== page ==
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Those were the words uttered in surprise by many Venezuelans on Monday morning as they awoke to images on state television showing President Hugo Chávez making an unexpected, but well-choreographed, return after nearly a month away, during which he underwent cancer surgery in Cuba.
“I’m very happy to be home again,” said Mr. Chávez, embracing his brother, Adán Chávez, and Vice President Elías Jaua, after stepping onto the tarmac at the Maiquetía airport near Caracas Monday morning.
The president, in marked contrast from his somber address to the nation last week announcing his battle with cancer, seemed ebullient on Monday. He broke into song, regaled viewers with a tale of a mission to Guatemala as a young army officer and recited some lines of politically-inspired verse from memory.
The predawn return of Mr. Chávez, 56, was classic political theater from a leader who has vexed his critics here time and again during his 12 years in power. Mystery still shrouds the sensitive subject of Mr. Chávez’s health; he did not announce the type of cancer he was struggling with or from what part of his body a cancerous tumor was removed in Cuba.
On Friday, Mr. Jaua, the vice president, even held out the possibility that Mr. Chávez could continue managing affairs as head of state from abroad for as long as six months if necessary, emboldening opponents who saw a prolonged absence as an opportunity to weaken Mr. Chávez’s grip on the nation.
But even as the disclosure of Mr. Chávez’s vulnerability obsessed the nation in recent days, here he was on Venezuelan soil again, gingerly descending the stairway of his Airbus, dressed athletically in a track suit, taking the reins of the political debate. He had time to log onto Twitter, too.
“Good morning, my dear Venezuela!” Mr. Chávez wrote in a Twitter message sent Monday to almost 1.7 million followers. “Thank you, my God! It is the start of the Return!”
Mr. Chávez’s return on Monday holds symbolic importance here because raucous Venezuelan Independence Day celebrations are scheduled for tomorrow, July 5, and Mr. Chávez has emphasized a state ideology that blends nationalism, socialist-inspired welfare projects and reverence for his commanding personality.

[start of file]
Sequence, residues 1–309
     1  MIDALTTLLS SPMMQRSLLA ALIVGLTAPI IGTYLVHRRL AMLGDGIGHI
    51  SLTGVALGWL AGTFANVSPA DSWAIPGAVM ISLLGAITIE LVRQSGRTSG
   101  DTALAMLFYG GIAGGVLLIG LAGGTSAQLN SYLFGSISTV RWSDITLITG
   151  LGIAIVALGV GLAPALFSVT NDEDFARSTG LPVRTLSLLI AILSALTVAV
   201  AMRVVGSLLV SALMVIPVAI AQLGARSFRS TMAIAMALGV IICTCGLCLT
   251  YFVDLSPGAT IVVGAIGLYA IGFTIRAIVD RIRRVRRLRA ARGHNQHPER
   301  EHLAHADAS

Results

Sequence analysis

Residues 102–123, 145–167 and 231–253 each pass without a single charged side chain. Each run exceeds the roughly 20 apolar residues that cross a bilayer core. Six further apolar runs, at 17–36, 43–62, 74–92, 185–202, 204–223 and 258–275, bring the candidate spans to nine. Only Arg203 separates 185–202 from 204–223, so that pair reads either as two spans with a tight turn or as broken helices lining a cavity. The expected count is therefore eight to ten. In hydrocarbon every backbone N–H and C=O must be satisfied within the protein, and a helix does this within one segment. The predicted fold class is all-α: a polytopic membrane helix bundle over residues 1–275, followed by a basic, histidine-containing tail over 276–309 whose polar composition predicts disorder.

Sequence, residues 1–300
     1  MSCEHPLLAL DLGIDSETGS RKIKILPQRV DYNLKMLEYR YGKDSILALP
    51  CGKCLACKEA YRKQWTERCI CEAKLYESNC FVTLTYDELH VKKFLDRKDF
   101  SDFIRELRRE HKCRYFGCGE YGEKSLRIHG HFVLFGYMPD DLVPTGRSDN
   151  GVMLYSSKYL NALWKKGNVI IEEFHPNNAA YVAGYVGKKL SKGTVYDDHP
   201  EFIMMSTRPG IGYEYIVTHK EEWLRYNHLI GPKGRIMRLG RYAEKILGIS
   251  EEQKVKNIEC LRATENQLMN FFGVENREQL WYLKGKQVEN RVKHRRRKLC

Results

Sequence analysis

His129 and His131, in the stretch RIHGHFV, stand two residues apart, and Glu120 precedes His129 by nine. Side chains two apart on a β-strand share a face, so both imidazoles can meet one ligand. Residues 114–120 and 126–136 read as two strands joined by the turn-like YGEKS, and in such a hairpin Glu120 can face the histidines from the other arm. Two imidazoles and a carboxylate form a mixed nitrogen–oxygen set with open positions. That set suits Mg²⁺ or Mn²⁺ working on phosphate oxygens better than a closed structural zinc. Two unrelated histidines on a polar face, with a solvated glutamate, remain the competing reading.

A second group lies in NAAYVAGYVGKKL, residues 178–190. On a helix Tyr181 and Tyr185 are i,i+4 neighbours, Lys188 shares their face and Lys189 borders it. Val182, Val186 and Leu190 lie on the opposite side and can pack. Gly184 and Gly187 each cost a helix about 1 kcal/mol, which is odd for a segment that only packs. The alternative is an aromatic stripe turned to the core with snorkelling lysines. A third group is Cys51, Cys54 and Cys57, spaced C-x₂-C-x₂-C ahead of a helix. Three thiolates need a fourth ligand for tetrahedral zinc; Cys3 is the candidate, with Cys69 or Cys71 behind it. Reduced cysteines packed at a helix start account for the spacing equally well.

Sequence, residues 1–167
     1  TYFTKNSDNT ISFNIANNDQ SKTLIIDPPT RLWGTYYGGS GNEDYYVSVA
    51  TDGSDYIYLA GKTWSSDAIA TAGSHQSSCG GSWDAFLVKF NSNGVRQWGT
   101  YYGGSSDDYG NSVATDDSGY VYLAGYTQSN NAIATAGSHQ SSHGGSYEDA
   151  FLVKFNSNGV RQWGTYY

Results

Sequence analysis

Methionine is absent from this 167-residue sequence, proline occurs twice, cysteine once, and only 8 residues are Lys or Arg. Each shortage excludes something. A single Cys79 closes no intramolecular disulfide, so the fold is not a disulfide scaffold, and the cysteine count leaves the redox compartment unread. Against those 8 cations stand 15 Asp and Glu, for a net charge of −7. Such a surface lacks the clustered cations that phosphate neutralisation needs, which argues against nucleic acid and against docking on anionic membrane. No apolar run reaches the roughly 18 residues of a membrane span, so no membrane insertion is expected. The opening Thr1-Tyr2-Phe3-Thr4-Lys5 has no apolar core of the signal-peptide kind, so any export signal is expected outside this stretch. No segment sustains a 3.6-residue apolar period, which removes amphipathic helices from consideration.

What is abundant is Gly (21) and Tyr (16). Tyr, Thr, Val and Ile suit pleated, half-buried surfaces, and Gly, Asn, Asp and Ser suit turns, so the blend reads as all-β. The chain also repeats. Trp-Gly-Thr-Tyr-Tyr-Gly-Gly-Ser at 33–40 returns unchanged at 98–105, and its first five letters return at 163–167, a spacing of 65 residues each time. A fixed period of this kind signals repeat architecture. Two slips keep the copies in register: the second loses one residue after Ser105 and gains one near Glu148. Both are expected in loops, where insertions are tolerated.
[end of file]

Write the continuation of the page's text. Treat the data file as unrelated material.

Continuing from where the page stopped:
“Chávez’s return is the best gift that could have been received by Venezuela on its 200th anniversary of its independence,” said Gloria Torres, 50, who had organized a Roman Catholic mass over the weekend in support of the president.
Others in this polarized nation, however, were not so happy on Monday.
“I’ll be buying some antidepressants,” said José Manuel, 52, a businessman who declined to give his last name.
Fernando Ochoa Antich, a former defense minister, said that Mr. Chávez’s return for the independence celebrations involved the “magic” image required of the “caudillo,” or Latin American strongman. The president’s political personality, Mr. Ochoa Antich said, “is fundamentally based on him being a type of magic being.”
“The caudillo needs to appear invincible, which gives him the fundamental popular force that has helped Chávez preserve power all these years,” Mr. Ochoa Antich said.
State media covered Mr. Chávez reappearance in adulatory fashion. The state news agency headlined one story, “He returned, he returned, he returned!”
Some Venezuelans pondered the strategic reasoning behind Mr. Chávez’s return.
“I think this was a completely predictable event,” said Luis Vicente León, a political analyst and pollster. “He needed to immediately eliminate pessimism among his followers and avoid internal power struggles.”
Still, Mr. León said, “Simply being here might offer an image of battling to overcome his illness, but does not resolve the problem of the illness itself.”
Mr. Chávez, who is running for reelection as president next year, convened followers to appear this afternoon under the balcony of the president palace, where he said he would address them. Speaking to state television in a telephone interview, he even described his Venezuelan breakfast on Monday, which included a serving of beef.
“I’m devouring everything,” he said.
María Eugenia Díaz and Girish Gupta contributed reporting